An advantageous structure for the digital synchronization blocks 8 a, 8 b, 8 n is shown in the block chart of FIG. 4b. The digital signal converted to an intermediate frequency or the baseband is mixed in mixers 10 a, 10 b with the signal generated by a numerically controlled oscillator 11 in such a way that there is phase difference of about 90° between the oscillator signal to be input in the first mixer 10 a and the oscillator signal to be input in the second mixer 10 b. Thus, the mixing result is a signal comprising two components in a way known as such: the I and Q components. In the formation of the phase difference, phase shift blocks 12 a, 12 b are preferably used. Next, the I and Q components are subjected to multiplication with the reference code in code multipliers 13 e, 14 e; 13 p, 14 p; 13 l, 14 l. The reference code is led in different phases to the code multipliers 13 e, 14 e; 13 p, 14 p; 13 l, 14 l preferably so that three or more reference signals with different phases are formed of both the I component and the Q component. These code multiplier output signals are preferably e.g. integrated in integration blocks 15 e, 16 e; 15 p, 16 p; 15 l, 16 l. From the integration blocks 15 e, 16 e; 15 p, 16 p; 15 l, 16 l, the integrated signals are led to the control block 9, where, on the basis of the output signals of the different integration blocks, it is deduced e.g. whether the code phase of the reference code is leading, behind or in the same phase as the code phase of the received signal. On the basis of this deduction, the control block 9 will adjust the frequency of the numerically controlled oscillator 18 controlling the reference code generator 17. Furthermore, reference code signals with different phases are formed of the reference code generated by the reference code generator 17 in a phase shift block 19. Furthermore, the control block 9 deduces the possible frequency shift and adjusts the frequency of the numerically controlled oscillator 11. In each synchronization block, signal processing can be performed for one signal at a time, wherein to receive the signals of e.g. four satellites simultaneously, there must be at least four synchronization blocks. It is obvious that the receiver shown in FIGS. 4a and 4 b is only an example embodiment, but the present invention is not limited to be used in this receiver only.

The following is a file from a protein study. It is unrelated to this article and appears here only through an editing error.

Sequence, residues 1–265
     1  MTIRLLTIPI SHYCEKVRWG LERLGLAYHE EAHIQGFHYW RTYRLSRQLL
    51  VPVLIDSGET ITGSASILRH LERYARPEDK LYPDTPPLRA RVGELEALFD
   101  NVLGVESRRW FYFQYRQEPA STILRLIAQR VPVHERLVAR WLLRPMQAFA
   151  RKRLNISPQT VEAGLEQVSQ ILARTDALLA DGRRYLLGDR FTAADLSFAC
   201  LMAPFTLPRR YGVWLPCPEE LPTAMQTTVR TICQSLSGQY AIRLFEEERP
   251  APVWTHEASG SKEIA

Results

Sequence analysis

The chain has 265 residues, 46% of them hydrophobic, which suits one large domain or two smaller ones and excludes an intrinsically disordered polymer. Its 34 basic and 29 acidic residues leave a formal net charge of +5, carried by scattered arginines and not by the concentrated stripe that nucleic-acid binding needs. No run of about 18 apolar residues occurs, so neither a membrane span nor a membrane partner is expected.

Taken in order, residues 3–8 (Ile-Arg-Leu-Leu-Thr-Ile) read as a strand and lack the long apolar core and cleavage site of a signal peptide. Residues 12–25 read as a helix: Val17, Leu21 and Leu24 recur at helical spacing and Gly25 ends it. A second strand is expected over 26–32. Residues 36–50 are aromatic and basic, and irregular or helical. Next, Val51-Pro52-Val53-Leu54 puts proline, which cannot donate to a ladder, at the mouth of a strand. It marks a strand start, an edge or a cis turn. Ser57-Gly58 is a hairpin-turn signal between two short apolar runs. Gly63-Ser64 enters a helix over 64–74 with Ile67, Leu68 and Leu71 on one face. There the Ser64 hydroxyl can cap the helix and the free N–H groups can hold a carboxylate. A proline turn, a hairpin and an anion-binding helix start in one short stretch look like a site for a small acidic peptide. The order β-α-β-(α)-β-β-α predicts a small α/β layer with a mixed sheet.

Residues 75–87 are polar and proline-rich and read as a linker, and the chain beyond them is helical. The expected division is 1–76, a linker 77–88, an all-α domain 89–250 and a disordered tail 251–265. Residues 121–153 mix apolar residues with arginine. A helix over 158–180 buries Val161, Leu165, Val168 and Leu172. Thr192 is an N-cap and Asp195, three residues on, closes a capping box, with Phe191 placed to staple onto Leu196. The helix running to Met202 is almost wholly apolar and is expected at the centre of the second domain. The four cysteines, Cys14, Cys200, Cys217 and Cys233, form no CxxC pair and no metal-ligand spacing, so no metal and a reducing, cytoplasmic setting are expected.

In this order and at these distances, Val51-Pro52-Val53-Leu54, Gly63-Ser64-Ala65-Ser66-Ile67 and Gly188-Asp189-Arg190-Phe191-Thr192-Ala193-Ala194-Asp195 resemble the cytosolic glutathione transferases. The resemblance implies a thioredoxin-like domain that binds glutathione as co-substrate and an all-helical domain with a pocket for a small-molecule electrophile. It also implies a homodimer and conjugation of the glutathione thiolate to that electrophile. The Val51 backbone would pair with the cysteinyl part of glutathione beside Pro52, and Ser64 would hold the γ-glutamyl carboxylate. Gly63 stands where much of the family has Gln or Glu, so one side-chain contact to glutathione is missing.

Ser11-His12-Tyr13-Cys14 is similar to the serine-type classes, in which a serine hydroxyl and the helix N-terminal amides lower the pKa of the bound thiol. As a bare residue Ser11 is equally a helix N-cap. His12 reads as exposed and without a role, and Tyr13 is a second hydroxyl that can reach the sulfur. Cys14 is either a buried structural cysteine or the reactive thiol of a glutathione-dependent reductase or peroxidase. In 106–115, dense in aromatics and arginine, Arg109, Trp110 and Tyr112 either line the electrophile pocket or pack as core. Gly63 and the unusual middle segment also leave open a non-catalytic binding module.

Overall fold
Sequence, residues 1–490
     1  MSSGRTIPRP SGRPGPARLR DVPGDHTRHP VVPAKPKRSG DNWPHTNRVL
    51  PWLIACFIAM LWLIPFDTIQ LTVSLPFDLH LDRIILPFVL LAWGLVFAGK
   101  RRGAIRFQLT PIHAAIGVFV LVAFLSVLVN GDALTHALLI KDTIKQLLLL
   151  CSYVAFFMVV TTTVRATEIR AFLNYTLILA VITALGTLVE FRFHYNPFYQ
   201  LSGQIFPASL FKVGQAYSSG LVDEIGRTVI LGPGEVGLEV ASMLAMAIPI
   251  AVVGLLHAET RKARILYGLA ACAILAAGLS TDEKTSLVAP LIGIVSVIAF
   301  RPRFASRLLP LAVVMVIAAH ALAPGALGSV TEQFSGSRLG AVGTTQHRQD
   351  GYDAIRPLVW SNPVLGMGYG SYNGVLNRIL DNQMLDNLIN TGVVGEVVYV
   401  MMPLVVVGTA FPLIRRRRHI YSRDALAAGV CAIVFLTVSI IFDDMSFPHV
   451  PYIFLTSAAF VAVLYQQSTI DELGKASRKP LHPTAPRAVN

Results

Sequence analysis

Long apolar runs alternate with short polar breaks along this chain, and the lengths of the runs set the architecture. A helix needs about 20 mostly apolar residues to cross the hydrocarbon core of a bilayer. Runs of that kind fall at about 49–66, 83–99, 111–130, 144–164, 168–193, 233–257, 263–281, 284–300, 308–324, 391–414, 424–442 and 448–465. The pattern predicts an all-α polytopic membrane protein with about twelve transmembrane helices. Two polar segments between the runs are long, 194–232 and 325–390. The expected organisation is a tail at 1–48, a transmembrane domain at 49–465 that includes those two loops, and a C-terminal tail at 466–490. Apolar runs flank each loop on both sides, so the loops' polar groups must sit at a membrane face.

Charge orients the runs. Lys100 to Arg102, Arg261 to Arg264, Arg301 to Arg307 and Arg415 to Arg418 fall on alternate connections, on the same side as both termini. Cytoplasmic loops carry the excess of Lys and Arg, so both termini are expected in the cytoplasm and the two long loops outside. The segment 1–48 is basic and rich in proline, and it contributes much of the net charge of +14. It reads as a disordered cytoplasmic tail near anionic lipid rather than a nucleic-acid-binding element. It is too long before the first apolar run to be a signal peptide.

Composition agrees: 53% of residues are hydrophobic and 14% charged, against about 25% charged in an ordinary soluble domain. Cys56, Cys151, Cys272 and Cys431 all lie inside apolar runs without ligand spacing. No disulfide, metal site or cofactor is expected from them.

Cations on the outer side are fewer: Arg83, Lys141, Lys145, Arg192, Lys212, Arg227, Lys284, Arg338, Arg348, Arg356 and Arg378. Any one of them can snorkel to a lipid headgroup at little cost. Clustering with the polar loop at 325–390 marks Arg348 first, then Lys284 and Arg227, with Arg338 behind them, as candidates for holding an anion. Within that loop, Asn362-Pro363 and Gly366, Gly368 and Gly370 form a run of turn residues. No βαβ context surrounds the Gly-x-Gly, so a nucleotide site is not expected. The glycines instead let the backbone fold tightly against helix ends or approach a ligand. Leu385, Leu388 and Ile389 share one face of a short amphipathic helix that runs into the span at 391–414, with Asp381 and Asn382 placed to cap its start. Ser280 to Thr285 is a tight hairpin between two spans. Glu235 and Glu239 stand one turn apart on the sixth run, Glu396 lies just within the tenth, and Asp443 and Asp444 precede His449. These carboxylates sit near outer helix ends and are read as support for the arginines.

The positioning receiver MS preferably also comprises means for performing the functions of the wireless device, such as a second antenna 20, a radio part 21, audio means, such as a codec 22 a, a speaker 22 b and a microphone 22 c, a display 23, a keypad 24, and a memory 25. The control block 9 can be at least partly common to perform the functions of the positioning receiver and to perform the functions of the wireless communication device, or separate processors or the like can be used for these functions.
When simulating the method of the invention, it has been found that using the method, positioning can be accelerated even by half when compared with methods of prior art, particularly under weak signal conditions and in situations in which the positioning receiver MS has no reliable information on the satellites in sight. Assuming that the time used for finding the signal of one satellite by prior art methods, particularly in a weak signal field, is typically in the order of 10 s in a situation in which a signal cannot be received and, correspondingly, in the order of 5 s in a situation in which the signal is received, and that an average of 12 searches are needed to find the signals of four satellites, the time required for this is approximately 8×10 s+4×5 s=100 s. Applying the method of the invention, the average number of searches with the corresponding assumptions is about 7, wherein the time used for searching is reduced to 3×10 s+4×5 s=50 s. Consequently, by using the method of the invention, the time used for the search can be significantly reduced.
The invention can also be applied in such a way that at one step of selection, more satellites than one are selected to be searched. Furthermore, in the searching step, it is possible to search for more than one selected satellites.
The functions of the method according to the invention can be largely implemented in the application software of the control block 9 of the positioning receiver MS, but it is obvious that also other solution alternatives can be applied on the basis of the above description.
It is obvious that the present invention is not limited solely to the above-presented embodiments, but it can be modified within the scope of the appended claims.
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|US20060145917 *||Jun 6, 2002||Jul 6, 2006||Matsushita Electric Industrial Co., Ltd.||Gps receiver|
|International Classification||G01S1/00, G01S19/28|
|Aug 31, 2001||AS||Assignment|
Owner name: NOKIA MOBILE PHONES LTD, FINLAND
Free format text: ASSIGNMENT OF ASSIGNORS INTEREST;ASSIGNORS:PIETILA, SAMULI;SYRJARINNE, JARI;REEL/FRAME:012149/0942;SIGNING DATES FROM 20010724 TO 20010807
|Oct 28, 2003||CC||Certificate of correction|
|Dec 1, 2006||FPAY||Fee payment|
Year of fee payment: 4
|Apr 23, 2008||AS||Assignment|
Owner name: NOKIA SIEMENS NETWORKS OY, FINLAND
Free format text: ASSIGNMENT OF ASSIGNORS INTEREST;ASSIGNOR:NOKIA CORPORATION;REEL/FRAME:020837/0600
Effective date: 20070913
|Dec 16, 2010||FPAY||Fee payment|
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|Nov 19, 2014||AS||Assignment|
Owner name: NOKIA SOLUTIONS AND NETWORKS OY, FINLAND
Free format text: CHANGE OF NAME;ASSIGNOR:NOKIA SIEMENS NETWORKS OY;REEL/FRAME:034294/0603
Effective date: 20130819
|Dec 19, 2014||FPAY||Fee payment|